Over in the Senate, the 60 vote threshold to move any piece of legislation or nomination has become normative behavior because Democrats refused to tighten filibuster rules, emboldening Republicans to take the unprecedented (literally, had never happened in our more than 235 year history) step of blocking a vote on President Obama's nominee to lead the Defense Department. Meanwhile, grandstanding on Benghazi, which has become a sort of Rorschach of GOP paranoia, continues unabated, and newly minted "Tea Party" Senator Ted Cruz has maligned the character and service of now-Secretary of State John Kerry and presumptive Pentagon head Chuck Hagel. The selection of Jack Lew as Treasury Secretary has languished even as that critical Department has been without an appointed leader for almost a month and nominations to the federal bench still move at a glacial pace. And for this obstruction, not only do Senate Republicans pay no price, they are well positioned to gain seats in 2014.
And as we look forward at the national level, in less than a week, Republicans will accomplish, through the strenuous effort of doing nothing, yet another massive contraction of discretionary domestic spending through the sequester. While some point to the cuts that will also take place in defense spending, they must be viewed in a much different context than the other domestic spending cuts. The Pentagon's budget has risen by roughly 50% since 2001; the sequester will trim about 7% annually from its current level, which is sort of like losing a pound after you've been declared morbidly obese. Unsurprisingly, the other programs that will see a similar cut have not had that level of growth over the past decade. Indeed, the funding levels of most programs that will be hit by the sequester have barely kept up with the rate of inflation, making those reductions far more painful than that the drop in the bucket at the Pentagon.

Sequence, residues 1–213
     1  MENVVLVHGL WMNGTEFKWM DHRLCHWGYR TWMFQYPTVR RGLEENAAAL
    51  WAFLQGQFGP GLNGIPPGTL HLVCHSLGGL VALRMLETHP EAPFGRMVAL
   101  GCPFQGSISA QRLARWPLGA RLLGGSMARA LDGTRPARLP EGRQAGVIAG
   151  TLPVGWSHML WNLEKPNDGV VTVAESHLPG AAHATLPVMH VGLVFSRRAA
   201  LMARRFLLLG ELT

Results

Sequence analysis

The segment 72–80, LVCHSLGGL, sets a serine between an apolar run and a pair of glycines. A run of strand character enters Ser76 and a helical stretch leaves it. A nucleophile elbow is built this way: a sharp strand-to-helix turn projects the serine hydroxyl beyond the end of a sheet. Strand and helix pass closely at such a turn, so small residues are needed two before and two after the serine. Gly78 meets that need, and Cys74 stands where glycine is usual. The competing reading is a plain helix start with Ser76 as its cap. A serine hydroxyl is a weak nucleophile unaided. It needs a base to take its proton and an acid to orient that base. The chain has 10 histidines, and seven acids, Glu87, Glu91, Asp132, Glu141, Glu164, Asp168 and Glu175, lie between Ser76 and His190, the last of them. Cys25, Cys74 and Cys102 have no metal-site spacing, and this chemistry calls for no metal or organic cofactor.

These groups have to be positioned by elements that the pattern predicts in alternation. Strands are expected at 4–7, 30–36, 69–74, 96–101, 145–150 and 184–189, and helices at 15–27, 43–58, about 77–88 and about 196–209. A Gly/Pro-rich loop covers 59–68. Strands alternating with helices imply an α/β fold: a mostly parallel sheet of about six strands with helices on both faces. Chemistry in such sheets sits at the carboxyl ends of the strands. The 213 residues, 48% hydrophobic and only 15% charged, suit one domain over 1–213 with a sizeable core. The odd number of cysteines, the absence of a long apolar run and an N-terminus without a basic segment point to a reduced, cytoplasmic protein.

The view from the state level is even more favorable for the GOP. Those 2010 landslides not only handed many Governor's mansions to the GOP, but control over both houses of state Legislatures. A consolidation of power that has been put to devastating effect on issues as disparate as "right to work," laws and regulations that have essentially outlawed abortion in states like Kansas, South Dakota and Mississippi, and restricted access to the voting booth through the passage of a range of laws related to voter identification, early voting hours and voter registration. As these laws and regulations were passed, they faded quickly from the national spotlight, but their impact in the states where they were enacted will be felt for years to come - in Michigan, the fact that union rights have largely been voided is beyond any right wing fanatic's fondest dream and a collective shrug was given by national reporters, newspapers and news programs after it was found that more than 200,000 people were dissuaded from voting in Florida because of restrictive policies put in place by the majority Republicans.
While the Republican Party is not setting itself up to lead at the national level, it does not need to, and indeed, may not be inclined to do so. They are getting so much of what they want by mindless obstruction. In the states, a brash, in-your-face attitude is re-writing policy in profound ways that will be difficult to undo, particularly in southern states where it is the Democrats that are flirting with extinction. To paraphrase Twain, reports of the GOP's demise have been greatly exaggerated.